We were nearly there. A mere 20 miles not 500 flowed between us and the Dempster Highway. Somehow though, these were the hardest. Our motivation was lacking. Perhaps tired as well, but mainly we had lost our paddling mojo. Niall compared it to the feeling actors get on the last night of a show and the "get out". When we might have expected to feel excited about reaching our objective we actually felt quite deflated. Also fed up with paddling!

A large island appeared on the horizon. In places the river was 4 miles wide so taking a left or a right around a shoal such as this had mileage consequences. I got the map out, fairly confident due to the size of the island where we were, but wanting to check it against GPS. Niall piped up from the back, "is it the Isle of Wight?". I said something about how his contribution is always valued and carried on ignoring him to get a fix on our location. 

True enough we had got to Shiltee Rock. You have to be careful how you say that! I was intrigued as pretty much nothing else had been named on the map like that for the previous month. Prominently rising from the ridge line a strange broken jumble of rock stood out. We moored beneath it, and Niall not feeling it, I ascended by myself through the woods toward the rock. Being alone for the first time in weeks felt very strange. Paranoia hit me straight away and I drew the bear spray canister from my hip holster. Following a trail through the dense birch and spruce it was clear others had come before. Coke cans hanging off string marked the way. At a steepening the trees parted and I was at the improbable outcrop of vertical crazy paving.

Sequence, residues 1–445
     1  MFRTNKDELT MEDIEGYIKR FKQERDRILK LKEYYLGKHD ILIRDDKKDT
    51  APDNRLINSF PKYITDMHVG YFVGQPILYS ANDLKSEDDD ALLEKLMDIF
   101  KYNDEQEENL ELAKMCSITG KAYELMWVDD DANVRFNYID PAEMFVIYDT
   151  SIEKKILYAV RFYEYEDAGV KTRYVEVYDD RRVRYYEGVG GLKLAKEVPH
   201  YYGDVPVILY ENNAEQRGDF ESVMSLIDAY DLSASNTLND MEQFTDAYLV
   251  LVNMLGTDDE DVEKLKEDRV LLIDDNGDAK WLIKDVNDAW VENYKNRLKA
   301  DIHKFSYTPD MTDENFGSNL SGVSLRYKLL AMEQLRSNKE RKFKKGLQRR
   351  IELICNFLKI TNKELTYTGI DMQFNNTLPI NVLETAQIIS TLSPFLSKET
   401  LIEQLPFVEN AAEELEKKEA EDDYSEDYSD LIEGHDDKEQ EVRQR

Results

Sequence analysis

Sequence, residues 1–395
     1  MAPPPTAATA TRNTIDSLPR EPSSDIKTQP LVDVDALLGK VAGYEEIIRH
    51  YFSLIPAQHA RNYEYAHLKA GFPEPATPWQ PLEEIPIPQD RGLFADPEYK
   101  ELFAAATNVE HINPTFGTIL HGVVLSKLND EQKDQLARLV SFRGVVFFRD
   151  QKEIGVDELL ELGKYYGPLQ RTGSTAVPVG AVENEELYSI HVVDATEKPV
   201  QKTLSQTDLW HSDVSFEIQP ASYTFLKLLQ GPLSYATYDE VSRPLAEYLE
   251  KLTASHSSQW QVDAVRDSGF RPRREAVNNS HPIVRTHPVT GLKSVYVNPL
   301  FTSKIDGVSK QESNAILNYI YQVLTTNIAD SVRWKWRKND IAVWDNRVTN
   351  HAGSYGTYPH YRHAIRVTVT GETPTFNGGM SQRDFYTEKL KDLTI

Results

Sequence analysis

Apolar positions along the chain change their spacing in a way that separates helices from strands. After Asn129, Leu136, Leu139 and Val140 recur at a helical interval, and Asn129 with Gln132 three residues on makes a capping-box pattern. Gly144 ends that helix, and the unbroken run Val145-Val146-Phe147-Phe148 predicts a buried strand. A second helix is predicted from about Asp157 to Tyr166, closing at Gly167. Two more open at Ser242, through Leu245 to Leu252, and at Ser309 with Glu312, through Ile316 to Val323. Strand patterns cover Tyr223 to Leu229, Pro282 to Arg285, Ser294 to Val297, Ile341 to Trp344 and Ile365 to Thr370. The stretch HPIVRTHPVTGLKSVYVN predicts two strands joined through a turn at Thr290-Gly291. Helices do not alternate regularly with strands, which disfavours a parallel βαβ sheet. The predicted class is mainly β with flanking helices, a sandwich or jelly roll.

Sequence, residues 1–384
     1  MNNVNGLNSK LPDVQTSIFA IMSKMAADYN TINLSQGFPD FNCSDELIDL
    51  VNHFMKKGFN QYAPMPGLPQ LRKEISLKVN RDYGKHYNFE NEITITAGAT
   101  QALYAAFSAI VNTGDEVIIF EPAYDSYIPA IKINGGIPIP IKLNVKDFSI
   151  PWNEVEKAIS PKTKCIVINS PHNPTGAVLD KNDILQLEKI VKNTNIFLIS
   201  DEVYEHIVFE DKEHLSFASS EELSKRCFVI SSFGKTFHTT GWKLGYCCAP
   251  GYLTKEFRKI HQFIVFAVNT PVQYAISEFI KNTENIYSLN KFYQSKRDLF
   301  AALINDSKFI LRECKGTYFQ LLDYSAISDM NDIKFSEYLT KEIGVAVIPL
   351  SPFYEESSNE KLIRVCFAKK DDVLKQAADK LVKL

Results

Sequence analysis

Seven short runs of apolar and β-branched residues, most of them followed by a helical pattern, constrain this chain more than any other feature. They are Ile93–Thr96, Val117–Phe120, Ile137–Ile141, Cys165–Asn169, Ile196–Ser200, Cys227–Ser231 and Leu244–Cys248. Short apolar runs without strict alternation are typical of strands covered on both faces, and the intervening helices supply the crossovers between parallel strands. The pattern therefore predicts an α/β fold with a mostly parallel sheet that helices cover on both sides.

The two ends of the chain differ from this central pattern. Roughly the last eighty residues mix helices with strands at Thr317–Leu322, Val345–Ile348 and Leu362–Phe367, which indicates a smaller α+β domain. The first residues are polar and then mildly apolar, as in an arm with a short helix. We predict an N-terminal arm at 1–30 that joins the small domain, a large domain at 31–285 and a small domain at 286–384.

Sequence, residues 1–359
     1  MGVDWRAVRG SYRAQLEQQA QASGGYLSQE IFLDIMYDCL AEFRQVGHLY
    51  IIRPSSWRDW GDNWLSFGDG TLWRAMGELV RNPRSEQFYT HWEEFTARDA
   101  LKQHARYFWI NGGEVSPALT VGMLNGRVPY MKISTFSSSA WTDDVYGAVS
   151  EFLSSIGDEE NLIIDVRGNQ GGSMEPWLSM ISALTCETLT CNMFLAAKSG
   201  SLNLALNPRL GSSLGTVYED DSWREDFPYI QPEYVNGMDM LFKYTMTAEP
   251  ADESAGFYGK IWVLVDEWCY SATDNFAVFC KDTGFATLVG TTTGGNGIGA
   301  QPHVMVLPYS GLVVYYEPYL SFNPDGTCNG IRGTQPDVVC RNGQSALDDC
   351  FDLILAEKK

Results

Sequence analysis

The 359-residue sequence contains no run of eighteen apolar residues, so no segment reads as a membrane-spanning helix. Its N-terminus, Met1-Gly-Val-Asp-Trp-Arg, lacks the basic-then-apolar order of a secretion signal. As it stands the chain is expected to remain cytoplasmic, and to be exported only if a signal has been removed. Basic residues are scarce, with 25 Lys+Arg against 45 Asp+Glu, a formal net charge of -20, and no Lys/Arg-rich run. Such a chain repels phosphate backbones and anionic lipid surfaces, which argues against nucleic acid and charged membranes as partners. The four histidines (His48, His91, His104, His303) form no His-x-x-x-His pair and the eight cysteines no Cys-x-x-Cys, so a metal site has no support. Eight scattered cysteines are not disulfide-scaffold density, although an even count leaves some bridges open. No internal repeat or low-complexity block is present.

View From Shiltee Rock
Although I had no previous knowledge of the place I got the distinct impression that this was a site of importance, sacred even. I'm afraid the climber in me defeated my reverence and I cautiously scrambled to the top, gingerly weighting each block first, expecting the whole thing to fall apart at any moment. 

What a view! Taiga forest everywhere but interspersed with little lakes and hills. The commanding position added to the cathedral like experience. I did feel bad that I may have climbed something sacred but then I've climbed a few cathedrals  and churches in my time so I hope it was in the spirit of appreciation rather than desecration!

Shiltee Rock